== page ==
The Agtron® is a spectrophotometer that uses infrared light to determine roast degree. The higher the Agtron number, the lighter the roast. Agtron parameters range from about 55 on our lightest roasts to 25 on the darkest. This digital device validates the roaster’s decisions concerning the degree of roast.
The problem with using Agtron at labelling for the consumer is it doesn’t account for how the Roast was done. A long, slow roast may be lighter in color than a shorter, high-temperature roast that is darker. It’s useful information for a roaster because they know how the Roast was done, so it can tell them when to stop. But Agtron can be misleading for consumers who don’t know how the Roast was done.
The problem is that you need different recipes for different Roast Levels, but the labelling is non-standardized and inadequate to inform you how to make the coffee taste best.
The Solution: Using Density to Assist with Extraction (DAE).
There is a very strong correlation between density and roast level.
With a very darkly roasted bean, you can easily break it with your fingers; the bean is not very dense.
With a very lightly roasted bean, it is impossible to break with your fingers; even a hammer has difficulty, and the bean is very dense.
Density can be measured by dividing the weight in grams by the volume in mls (g/ml).
Settled density is the non-destructive method of putting dry roasted beans in a 100ml volumetric measuring cylinder, tamping them level to measure the volume in mls, and weighing them, preferably with a 0.1g accuracy set of digital scales.
There are other methods of measuring density, such as water displacement, but this is destructive because the beans get wet.
What is the real-world density range for roasted coffee?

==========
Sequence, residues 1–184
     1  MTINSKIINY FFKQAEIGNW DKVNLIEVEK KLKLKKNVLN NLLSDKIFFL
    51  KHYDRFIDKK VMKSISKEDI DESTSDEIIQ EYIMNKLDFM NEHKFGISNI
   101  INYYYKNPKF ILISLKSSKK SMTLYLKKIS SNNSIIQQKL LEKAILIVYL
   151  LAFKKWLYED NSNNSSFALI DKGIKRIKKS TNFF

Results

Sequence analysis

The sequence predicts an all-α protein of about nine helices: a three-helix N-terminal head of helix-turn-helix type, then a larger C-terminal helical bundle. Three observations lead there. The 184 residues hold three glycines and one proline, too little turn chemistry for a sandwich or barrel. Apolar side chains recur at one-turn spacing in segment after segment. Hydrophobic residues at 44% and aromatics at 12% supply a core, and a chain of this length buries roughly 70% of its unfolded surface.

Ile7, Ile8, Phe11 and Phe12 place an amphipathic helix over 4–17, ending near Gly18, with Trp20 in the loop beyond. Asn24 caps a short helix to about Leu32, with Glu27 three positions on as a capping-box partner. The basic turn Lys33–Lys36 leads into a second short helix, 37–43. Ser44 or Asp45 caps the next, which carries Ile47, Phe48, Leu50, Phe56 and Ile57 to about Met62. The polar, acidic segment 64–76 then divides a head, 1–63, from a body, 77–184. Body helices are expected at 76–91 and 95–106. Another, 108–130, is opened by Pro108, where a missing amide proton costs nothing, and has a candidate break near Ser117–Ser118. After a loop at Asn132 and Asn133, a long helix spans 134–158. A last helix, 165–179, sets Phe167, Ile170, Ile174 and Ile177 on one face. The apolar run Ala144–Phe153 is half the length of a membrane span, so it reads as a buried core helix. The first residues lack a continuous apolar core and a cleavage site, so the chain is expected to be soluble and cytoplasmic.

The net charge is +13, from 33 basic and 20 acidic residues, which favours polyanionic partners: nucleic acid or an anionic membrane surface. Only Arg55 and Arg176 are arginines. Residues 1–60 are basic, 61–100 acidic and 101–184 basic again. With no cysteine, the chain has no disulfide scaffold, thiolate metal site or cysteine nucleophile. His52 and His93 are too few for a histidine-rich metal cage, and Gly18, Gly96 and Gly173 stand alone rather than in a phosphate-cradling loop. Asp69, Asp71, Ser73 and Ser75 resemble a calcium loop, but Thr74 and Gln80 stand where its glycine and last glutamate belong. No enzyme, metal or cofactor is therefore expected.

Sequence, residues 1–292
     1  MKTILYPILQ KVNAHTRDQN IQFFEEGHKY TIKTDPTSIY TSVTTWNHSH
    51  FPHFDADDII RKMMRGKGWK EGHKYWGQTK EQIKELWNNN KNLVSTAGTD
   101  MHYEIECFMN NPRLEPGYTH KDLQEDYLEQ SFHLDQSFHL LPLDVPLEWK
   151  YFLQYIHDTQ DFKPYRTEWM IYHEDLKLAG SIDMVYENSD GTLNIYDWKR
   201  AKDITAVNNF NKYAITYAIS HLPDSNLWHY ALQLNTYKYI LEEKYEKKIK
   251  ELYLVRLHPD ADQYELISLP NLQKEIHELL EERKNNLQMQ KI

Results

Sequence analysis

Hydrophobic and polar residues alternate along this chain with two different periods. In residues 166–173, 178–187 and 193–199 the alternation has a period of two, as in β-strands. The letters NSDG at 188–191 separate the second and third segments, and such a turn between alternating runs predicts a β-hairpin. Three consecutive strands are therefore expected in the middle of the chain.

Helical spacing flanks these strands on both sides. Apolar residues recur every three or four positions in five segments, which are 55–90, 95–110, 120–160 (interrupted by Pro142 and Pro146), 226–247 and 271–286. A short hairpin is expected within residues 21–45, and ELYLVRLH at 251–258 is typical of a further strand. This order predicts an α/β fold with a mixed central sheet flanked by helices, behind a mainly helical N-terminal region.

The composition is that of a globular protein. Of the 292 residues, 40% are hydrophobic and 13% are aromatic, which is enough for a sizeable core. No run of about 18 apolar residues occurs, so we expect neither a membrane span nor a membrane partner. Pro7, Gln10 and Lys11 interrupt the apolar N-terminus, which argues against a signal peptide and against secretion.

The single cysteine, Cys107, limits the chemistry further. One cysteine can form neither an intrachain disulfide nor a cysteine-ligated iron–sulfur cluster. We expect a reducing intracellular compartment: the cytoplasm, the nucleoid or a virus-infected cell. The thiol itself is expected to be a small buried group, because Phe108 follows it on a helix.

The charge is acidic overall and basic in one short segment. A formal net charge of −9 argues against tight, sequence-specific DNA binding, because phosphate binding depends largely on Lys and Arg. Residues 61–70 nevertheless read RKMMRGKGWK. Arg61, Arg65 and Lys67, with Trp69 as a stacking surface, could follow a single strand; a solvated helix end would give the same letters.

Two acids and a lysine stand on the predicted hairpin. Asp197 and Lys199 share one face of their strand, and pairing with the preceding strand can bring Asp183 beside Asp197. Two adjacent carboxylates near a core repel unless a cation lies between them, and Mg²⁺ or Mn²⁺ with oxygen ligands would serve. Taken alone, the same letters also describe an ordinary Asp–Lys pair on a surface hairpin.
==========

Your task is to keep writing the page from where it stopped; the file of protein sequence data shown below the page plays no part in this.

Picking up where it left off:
The website is a self-learning system; the more it is used, the more accurate it gets.
The 2023 model is based on measurements taken from over 4,000 bags of roasted coffee worldwide. Giving a 98% confidence that the real-world density range accurately represents worldwide coffee roast levels.
The mean is 0.400 g/ml
The standard deviation is 0.039g/ml
95% of coffees will fall between 0.321g/ml and 0.478g/ml.
Making the density range 158 0.1g steps, from darkest to lightest roast.
Density generated Recipes
The SCA Standards are not, in fact, single recipes; each parameter has ranges. For example, the espresso ratio range of 1:1 to 1:4, or the filter temperature range of 90-96c. The recipe ranges need to be applied to the Roast Level ranges.
The density.coffee ‘model’ is the math that has generated the recipes.
You are not expected to do the math; this is here to explain the recipes.
Relatively simple linear proportional equations apply the SCA ranges for each parameter to the real-world density range, generating the 158 recipes for each coffee-making method. Contrary to some critics of the density.coffee system, these are not my recipes to my tastes. They are simply the SCA recipes an experienced barista would make to suit a roast level. They are the adjustment ranges you should already be using.
There are 4 forms of equations in the density.coffee model. Inclining, declining, derived and stepped.
Inclining parameters: (ratio, temperature, time, pressure, bypass)
This is like the E=MC2 of coffee formula for using measuring and math to solve coffee extraction. It looks a bit terrifying, but it is a simple linear equation to spread each SCA-supplied parameter range over the real-world density range.
There is the real-world density range:
minDensity = 0.321
maxDensity = 0.478
There is the SCA Espresso Ratio parameter range:
minRatioEspresso = 1
maxRatioEspresso = 4
Just to show the bounds work as expected:
The minimum ratio that we already know:
If ThisDensity = 0.321, then ThisRatio =1, from ((((0.321-0.321)/(0.478-0.321)))*(4-1))+1
The maximum ratio that we already know:
If ThisDensity = 0.478, then ThisRatio = 4, from ((((0.478-0.321)/(0.478-0.321)))*(4-1))+1
An example calculation for a density in between the bounds:
If ThisDensity = 0.400, then ThisRatio =2.5 from ((((0.4-0.321)/(0.478-0.321)))*(4-1))+1
Stepping through each of the 158 real-world density range from 0.321 to 0.478, calculating the espresso ratios, the results can be displayed as a graph.
The same proportional formula works for each parameter within its known ranges.
For another example Filter method, temperature:
Declining parameters: (dose, grind)
The declining dose may seem counterintuitive. Why do you maximize the dose when you need to minimize the extraction? It is because the ratio is low, so to increase the yield, you need a bigger dose. Conversely, when you need to extract the most, you need a big ratio. It’s much easier to achieve a big ratio with a smaller dose.
minEspressoDose = 14g
maxEspressoDose = 25g